Monday, September 19, 2011
Book Review: Dandy Gliver and the Proper Treatment of Bloodstains by Catriona McPherson
I was introduced to Catriona McPherson’s novels last month when preparing for Bouchercon. Molly Weston, owner of Meritorious Mysteries, and moderator of the panel I was on, suggested that each panelist read one of the works by the others. Consider this your disclaimer. Now that I have met Catriona in person, I am delighted to number her among my friends. That said, let’s talk about her book.
McPherson’s Dandy Gilver series falls into the “cozy” mystery category on book store shelves. Judging by Dandy Gilver and the Proper Treatment of Bloodstains, the book is not an entirely comfortable fit in the cozy category.
The series is set in the 1920’s and mirrors the style of mystery’s golden age. Dandy is McPherson’s genteel lady sleuth. I have not read the other books in the series, but in this book her amateur detective goes under cover as a ladies’ maid to assist an acquaintance who fears her husband is planning to murder her. The plot becomes more complicated when the husband is murdered and Dandy must confront the possibility that her client, Mrs. Balfour, has brought her into the household as her alibi for the crime.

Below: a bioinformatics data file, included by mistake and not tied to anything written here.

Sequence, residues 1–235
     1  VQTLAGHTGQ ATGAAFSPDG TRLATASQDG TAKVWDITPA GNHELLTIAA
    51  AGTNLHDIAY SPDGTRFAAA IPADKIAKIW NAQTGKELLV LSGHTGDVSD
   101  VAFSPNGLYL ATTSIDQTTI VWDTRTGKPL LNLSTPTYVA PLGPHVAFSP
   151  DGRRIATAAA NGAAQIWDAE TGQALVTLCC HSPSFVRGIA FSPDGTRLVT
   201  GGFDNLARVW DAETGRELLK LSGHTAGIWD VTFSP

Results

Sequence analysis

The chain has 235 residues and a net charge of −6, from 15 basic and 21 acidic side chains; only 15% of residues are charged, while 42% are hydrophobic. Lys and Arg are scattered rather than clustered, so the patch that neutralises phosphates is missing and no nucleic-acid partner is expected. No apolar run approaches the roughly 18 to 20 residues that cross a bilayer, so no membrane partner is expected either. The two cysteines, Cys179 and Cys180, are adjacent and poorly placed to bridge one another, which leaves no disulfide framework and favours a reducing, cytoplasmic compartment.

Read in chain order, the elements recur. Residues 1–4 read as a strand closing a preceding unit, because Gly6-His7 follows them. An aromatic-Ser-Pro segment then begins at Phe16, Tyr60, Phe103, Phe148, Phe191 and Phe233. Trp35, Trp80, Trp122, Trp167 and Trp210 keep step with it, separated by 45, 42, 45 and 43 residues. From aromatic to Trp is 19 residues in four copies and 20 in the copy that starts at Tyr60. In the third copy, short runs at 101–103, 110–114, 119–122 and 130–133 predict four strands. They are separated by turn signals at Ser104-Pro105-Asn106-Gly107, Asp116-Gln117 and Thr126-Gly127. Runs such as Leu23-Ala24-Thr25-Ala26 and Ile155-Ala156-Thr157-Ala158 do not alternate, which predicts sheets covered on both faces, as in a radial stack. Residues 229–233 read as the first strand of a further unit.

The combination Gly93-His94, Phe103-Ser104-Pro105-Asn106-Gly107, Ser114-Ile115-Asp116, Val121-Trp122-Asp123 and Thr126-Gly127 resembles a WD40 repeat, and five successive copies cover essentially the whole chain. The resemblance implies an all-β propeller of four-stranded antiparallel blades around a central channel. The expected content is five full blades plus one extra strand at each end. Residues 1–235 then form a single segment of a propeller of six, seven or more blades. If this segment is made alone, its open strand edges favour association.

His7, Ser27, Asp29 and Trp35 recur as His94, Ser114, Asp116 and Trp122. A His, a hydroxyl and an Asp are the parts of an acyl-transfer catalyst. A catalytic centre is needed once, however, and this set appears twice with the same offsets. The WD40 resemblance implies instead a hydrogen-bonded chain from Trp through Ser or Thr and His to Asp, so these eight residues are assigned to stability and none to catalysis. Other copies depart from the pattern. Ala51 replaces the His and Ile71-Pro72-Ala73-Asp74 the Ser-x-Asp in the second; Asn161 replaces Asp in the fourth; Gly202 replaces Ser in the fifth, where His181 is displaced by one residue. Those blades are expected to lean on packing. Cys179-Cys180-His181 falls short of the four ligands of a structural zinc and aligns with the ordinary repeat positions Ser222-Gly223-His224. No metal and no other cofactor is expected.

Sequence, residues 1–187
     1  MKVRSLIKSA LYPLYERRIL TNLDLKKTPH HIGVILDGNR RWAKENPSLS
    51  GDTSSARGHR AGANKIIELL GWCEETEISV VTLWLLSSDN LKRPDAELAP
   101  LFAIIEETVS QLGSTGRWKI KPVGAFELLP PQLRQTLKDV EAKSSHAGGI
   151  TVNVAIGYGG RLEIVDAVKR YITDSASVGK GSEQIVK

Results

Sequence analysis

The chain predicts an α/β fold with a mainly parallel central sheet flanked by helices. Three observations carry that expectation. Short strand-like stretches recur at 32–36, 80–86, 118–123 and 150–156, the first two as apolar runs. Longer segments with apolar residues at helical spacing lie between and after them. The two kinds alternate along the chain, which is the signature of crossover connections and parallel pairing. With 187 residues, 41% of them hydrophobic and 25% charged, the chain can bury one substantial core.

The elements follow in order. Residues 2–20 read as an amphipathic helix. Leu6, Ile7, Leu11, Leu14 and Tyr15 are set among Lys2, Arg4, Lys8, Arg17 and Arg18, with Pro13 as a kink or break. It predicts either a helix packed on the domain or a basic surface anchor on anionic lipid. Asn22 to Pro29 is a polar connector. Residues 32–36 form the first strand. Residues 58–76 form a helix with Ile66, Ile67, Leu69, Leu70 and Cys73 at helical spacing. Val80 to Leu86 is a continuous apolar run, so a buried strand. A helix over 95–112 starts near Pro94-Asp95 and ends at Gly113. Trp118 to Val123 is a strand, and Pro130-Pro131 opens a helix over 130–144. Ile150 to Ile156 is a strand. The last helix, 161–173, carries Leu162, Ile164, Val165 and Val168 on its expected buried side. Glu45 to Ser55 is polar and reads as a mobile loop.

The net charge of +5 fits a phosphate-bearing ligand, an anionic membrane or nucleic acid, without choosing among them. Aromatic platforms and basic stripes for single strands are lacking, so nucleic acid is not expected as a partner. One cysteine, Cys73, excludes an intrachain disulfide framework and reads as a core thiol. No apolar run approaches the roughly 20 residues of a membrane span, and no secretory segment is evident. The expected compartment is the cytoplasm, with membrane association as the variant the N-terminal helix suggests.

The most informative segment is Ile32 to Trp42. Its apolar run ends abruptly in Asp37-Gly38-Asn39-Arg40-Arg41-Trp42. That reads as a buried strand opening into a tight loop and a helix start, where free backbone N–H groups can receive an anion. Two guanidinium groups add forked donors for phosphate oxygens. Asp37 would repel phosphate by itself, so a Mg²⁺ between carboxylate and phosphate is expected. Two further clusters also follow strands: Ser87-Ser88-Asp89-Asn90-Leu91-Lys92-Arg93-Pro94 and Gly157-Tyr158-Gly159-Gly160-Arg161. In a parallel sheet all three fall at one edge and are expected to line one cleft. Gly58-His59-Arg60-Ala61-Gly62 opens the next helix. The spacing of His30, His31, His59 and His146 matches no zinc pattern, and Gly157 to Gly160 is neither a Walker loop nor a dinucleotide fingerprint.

The book is a well plotted and well written puzzle mystery handled with a humorous hand. However, there are deeper layers to the story. Below stairs, Dandy is drawn into the world of the serving classes. She must watch the political upheaval of general strike that made her own class fear a European revolution similar to the one that had just occurred in Russia. Though the book does not bash us over the head with politics, the political climate of the time is too important to allow us to take the subject lightly. McPherson does an excellent job of balancing the details of a socially tense time with tongue in cheek humor and irrepressible wit.
What I found most interesting in this book was the fact that the more Dandy learns about the working class, the more she must examine her own values. I doubt that Mrs. Gilver will emerge from her encounter with the serving class unchanged. I look forward to seeing what sort of character growth shows up in the next book.